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Abusive Church Leaders (Part 1) – My Personal Angst

Much to my dismay, God keeps bringing people to my door who have been abused by a pastor or other trusted church leader.

Over the last year, I’ve taken on three cases against abusive pastors. Two involve significant embezzlement and fraud by pastors in different churches. A third involves extensive sexual abuse and misconduct by around half a dozen men on the pastoral and ministerial staff at Christ Chapel Assembly of God in Woodbridge, Virginia.

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Helping or Enabling?

It’s hard cut lose a man you’ve been ministering to and let him ultimately bear the full consequences of the mess he’s made of his life – not to hurt him, but to let him finally hit bottom.

I am friends with and minister to men and women who most people, and many churches, shun (except for arms-length “programs”, if even that). Pick a vice – any vice – and I’ve likely come beside and embraced those in bondage to it: former drug addicts, narc dealers, sex offenders, embezzlers, thieves, gender benders, Satanic ritual abusers and even murderers.

Because I’ve been willing to see past the sin and accept the common humanity we all share – not as one who is perfect but as a someone willing to walk with them as we sort out our individual imperfections together under God’s mercy and grace – some of these folk are now following the Lord.

I love such people, because daily I see how God creates beauty out of their ashes.

I am blessed, because I serve a God who, above all, creates. He takes destruction – what has become void and without form, in the words of Genesis 1 – and brings wonder and life and order. . .

. . . and He delights most of all, I’ve found, in redeeming lives that many think are beyond hope.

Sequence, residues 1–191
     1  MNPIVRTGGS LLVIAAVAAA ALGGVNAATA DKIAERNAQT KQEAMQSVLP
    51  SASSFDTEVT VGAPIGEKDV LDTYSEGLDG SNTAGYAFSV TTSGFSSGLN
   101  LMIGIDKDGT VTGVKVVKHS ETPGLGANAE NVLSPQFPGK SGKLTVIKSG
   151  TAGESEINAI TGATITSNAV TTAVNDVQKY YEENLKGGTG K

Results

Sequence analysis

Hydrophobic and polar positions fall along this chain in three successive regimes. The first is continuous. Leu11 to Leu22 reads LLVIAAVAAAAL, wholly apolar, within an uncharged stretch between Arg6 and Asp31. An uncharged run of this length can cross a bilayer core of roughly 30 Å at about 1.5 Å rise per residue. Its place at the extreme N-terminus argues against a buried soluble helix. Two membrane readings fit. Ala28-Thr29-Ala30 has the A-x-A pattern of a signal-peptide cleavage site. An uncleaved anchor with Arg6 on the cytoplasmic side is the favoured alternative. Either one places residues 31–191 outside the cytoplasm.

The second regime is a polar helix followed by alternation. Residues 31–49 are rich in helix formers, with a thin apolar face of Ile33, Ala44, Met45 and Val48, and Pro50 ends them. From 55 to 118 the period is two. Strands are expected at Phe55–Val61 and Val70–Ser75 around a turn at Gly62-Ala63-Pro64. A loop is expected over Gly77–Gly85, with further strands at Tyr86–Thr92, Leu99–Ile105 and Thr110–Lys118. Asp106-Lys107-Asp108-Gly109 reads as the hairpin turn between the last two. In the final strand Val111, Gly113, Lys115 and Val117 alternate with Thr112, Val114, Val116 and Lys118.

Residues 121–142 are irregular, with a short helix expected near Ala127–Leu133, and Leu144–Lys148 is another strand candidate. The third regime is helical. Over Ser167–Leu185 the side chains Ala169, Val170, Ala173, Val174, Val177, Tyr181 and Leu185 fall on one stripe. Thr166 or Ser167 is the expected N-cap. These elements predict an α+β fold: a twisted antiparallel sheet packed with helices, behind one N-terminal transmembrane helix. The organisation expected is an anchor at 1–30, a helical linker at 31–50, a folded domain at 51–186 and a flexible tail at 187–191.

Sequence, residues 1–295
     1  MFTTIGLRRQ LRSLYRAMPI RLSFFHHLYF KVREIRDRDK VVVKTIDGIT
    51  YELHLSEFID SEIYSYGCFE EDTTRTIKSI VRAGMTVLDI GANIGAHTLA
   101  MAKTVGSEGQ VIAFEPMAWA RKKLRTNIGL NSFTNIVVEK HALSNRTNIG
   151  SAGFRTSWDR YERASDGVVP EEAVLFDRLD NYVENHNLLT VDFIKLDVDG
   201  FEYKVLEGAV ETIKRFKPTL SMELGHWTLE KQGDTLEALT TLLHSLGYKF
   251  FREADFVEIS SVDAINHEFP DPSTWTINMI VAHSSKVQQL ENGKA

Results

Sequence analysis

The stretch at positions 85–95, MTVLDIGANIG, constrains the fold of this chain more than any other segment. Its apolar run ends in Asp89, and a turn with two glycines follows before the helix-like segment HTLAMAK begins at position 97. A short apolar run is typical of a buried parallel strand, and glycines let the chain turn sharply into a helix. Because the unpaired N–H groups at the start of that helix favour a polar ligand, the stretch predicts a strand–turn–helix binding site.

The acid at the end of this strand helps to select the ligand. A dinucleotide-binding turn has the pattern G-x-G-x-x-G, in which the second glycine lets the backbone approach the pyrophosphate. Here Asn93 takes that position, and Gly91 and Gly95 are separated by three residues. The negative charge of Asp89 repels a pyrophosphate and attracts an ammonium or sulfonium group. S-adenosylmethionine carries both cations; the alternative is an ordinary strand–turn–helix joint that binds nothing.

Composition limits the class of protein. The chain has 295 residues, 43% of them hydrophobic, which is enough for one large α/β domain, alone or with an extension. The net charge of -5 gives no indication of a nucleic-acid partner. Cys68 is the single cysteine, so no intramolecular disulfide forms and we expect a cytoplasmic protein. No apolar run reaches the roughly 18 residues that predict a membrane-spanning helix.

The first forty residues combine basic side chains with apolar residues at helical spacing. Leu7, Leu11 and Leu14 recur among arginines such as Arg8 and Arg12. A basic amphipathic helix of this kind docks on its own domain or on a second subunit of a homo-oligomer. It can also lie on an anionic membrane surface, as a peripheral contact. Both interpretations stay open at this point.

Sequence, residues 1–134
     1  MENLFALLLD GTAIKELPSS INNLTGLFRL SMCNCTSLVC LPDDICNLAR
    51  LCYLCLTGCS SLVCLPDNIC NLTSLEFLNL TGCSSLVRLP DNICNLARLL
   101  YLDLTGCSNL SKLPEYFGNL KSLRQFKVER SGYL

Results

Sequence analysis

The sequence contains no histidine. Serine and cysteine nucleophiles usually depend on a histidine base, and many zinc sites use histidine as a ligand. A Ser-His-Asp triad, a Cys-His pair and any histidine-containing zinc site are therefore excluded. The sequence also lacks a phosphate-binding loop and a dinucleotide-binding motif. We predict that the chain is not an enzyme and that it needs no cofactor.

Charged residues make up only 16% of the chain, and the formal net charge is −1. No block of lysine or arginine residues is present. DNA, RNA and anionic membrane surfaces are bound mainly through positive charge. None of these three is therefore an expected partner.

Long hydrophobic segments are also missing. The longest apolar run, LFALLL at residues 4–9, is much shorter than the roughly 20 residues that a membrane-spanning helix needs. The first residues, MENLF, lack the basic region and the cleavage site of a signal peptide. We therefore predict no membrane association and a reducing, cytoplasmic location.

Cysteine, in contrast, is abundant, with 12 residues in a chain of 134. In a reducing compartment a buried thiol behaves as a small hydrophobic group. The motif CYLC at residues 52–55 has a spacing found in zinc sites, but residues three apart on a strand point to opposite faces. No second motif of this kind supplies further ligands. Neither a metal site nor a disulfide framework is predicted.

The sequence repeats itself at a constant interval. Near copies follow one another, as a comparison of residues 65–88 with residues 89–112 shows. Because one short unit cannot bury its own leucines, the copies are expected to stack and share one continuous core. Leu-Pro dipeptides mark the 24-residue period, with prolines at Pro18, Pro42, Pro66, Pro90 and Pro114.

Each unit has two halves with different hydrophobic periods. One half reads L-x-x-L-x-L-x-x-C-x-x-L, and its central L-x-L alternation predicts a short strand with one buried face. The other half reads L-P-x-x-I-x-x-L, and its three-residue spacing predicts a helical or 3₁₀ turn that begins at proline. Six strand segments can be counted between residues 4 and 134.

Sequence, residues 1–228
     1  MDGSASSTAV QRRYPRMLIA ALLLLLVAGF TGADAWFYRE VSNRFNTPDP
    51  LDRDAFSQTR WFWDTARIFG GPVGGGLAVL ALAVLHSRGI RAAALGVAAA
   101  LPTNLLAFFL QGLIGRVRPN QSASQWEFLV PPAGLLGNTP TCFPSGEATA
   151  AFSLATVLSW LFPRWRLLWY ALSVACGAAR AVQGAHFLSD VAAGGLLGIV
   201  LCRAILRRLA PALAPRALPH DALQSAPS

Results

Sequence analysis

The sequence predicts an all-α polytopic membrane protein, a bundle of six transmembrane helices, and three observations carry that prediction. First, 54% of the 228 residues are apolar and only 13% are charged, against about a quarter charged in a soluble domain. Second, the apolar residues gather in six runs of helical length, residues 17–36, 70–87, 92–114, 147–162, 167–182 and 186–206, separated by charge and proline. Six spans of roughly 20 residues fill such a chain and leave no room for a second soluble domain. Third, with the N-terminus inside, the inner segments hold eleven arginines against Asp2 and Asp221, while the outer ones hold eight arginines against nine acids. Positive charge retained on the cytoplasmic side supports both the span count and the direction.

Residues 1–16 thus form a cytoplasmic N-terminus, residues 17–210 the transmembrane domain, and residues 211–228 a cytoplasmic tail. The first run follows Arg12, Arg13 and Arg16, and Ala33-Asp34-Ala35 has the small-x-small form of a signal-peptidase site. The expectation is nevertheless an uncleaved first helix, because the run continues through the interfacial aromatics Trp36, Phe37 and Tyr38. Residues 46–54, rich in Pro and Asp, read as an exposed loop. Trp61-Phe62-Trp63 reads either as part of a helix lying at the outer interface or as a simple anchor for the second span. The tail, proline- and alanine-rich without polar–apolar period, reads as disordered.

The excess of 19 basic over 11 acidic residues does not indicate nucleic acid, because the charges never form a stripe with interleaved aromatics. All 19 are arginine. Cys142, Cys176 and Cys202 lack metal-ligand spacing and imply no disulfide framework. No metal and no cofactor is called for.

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Regeneration

A friend posted this short video on Facebook and it’s too precious, timely and relevant to pass up. As you listen, may God mercifully and lovingly wound you in order to heal you.

It’s by Paul Washer, who I first mentioned in a blog back in March (see God Is Not Passive). His burden for the Church touched my heart then, and continues to do so now.

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New Covenant Fellowship? Beware!

New Covenant Fellowship? Beware!

New Covenant Fellowship in Manassas, Virginia, started out as a great church twenty-five years ago under a gifted pastor who’s since left. Under the current “pastor/elders” (the term they choose for themselves), massive numbers of additional people have left as the church sinks into cult practices and cult doctrines. As a result, attendance has plunged from thousands to barely thirty adults on Sunday mornings.

  • Robin Bayles, the senior “pastor/elder”, has been secretly enriching himself with around $200k annually from church funds for a sizable salary, a generous housing allowance, numerous benefits and various other perks amounting to somewhere around a million dollars in total Phonyover the last several years — despite the tiny size of the congregation and the fact that he doesn’t even work at the church but works for an unrelated organization. When his self-enrichment was exposed, he denied it and falsely claimed to have taken only a small fraction of the true amount.
     
  • He has personally acquired and gained wealth from numerous investment rental properties purchased with funds taken from the church. He also has been employed nearly full time for many years — and earns a significant income — from his separate employer. Nonetheless, he has tried to manipulate his shrinking congregation and justify his self-enrichment from church funds with false pleas of poverty.
     
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Leadership Abuses: Private and Public Sins

“Peace if possible, truth at all costs.” – Martin Luther

“Church” can often be messy, especially when ongoing sins and improprieties begin to come to light – maybe even among our leaders. Yet God, I believe, is calling us all to a new level of collective integrity.

Incomplete ManSo how do we handle leadership failings, especially when they go beyond merely personal sin and involve an abuse of position or trust within a church, movement or mission, and hurts others?